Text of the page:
Why the battle over avocado toast misses the point
Millennials are mad that grumpy baby boomers are so judgmental of their fancy brunch habit, but it raises a good question: Whatever happened to saving?
Baby boomers and Millennials are fighting over avocado toast. It all started last week, when Bernard Salt wrote an article for The Weekend Australian Magazine, expressing concern over how much money Millennials spend on brunch, while they simultaneously complain about the inaccessible housing market:
“I have seen young people order smashed avocado with crumbled feta on five-grain toasted bread at $22 a pop and more. I can afford to eat this for lunch because I am middle-aged and have raised my family. But how can young people afford to eat like this? Shouldn't they be economising by eating at home? How often are they eating out? Twenty-two dollars several times a week could go towards a deposit on a house.”
Salt has been raked over the coals for his comment, with Millennial bloggers pointing out that, if you eat brunch once a week, it would take 9,100 $22 smashed avocado toasts and 175 years to save a 20 percent down payment for Sydney’s median house price of $1 million. Writing for The Guardian, Millennial-defender Brigid Delaney describes brunch as “the opiate of the masses,” consolation for a generation that views real estate as an impossible dream.
“We are not going out for brunch instead of buying houses: we are brunching because we cannot afford to buy houses. And oh how we brunch! We watch the brunch market as carefully as the baby boomers watch property… We’ll queue up for it and Instagram it and use it as a social signifier in the way that people once used their houses as a mark of social status.”
Delaney’s defense, however, falls short for me. I’m all for living in the present, and I do appreciate a great meal, but I am also a Millennial who feels concern for the apparent lack of care for the future among my peers. This is about more than just avocado toast once a week. That toast represents a lifestyle that, more often than not, comes at the cost of not saving.
It’s as if Millennials look at the housing market, shrug their shoulders, and give up entirely. If they cannot have the single priciest item on the market, then nothing else is worth saving for. “You only live once” is the justification used for many extravagant purchases and vacations that, when considered all together, could add up to a down payment — perhaps not on a dream house (which many young people oddly think they deserve), but at least on something decent.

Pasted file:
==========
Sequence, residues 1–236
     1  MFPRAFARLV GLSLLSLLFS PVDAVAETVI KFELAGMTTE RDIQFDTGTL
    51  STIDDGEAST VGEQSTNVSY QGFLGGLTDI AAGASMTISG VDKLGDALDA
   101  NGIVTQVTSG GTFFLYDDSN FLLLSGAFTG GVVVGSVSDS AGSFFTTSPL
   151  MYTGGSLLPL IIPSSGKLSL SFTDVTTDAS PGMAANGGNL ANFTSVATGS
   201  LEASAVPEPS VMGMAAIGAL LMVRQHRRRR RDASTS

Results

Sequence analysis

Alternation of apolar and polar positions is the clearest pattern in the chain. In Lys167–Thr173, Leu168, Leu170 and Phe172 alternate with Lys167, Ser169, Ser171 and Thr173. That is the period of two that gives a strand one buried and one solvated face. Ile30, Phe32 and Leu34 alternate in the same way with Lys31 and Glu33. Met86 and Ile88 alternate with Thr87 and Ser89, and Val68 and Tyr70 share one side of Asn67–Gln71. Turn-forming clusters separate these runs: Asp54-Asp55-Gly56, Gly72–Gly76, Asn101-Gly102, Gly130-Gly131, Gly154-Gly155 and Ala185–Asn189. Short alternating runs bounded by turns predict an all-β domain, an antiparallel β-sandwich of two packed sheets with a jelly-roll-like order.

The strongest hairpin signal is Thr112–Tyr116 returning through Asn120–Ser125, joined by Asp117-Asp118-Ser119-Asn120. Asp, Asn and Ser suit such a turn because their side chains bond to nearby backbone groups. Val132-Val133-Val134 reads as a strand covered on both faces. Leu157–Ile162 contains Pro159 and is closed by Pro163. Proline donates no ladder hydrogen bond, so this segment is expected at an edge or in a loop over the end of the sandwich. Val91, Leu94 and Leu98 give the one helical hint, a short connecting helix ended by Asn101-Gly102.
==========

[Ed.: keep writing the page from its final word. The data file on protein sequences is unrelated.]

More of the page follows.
One commenter on Salt’s article articulated this problem well:
“I call it the ‘blueberry problem.’ One [basket] at $7, no problems at all. It is a superfood after all. The issue is that you have 3 baskets a week, plus some goji berries, a couple of smashed avocado-buckwheat sandwiches, a pea pancake, a packet of activated almonds every second day, and a thrice-fermented fresh juice (de- and then re-pulped). This sums up the diet of the high end millennial living somewhere near the downtown. No money. No assets. Always broke.”
When did saving money become so unfashionable? This is a real loss, because saving is a worthwhile, responsible habit that will benefit anyone greatly, even if one never ends up buying a house. Money in the bank can mean food on the table, less stress in times of unemployment, security in old age, better health care, a reliable vehicle, a family, additional education. It can even make more money, if invested properly. But, like it or not, $22 avocado toasts (and everything that goes along with them) do make that very challenging.
Millennials should not be so offended by Salt’s article, but rather, inspired to greater introspection.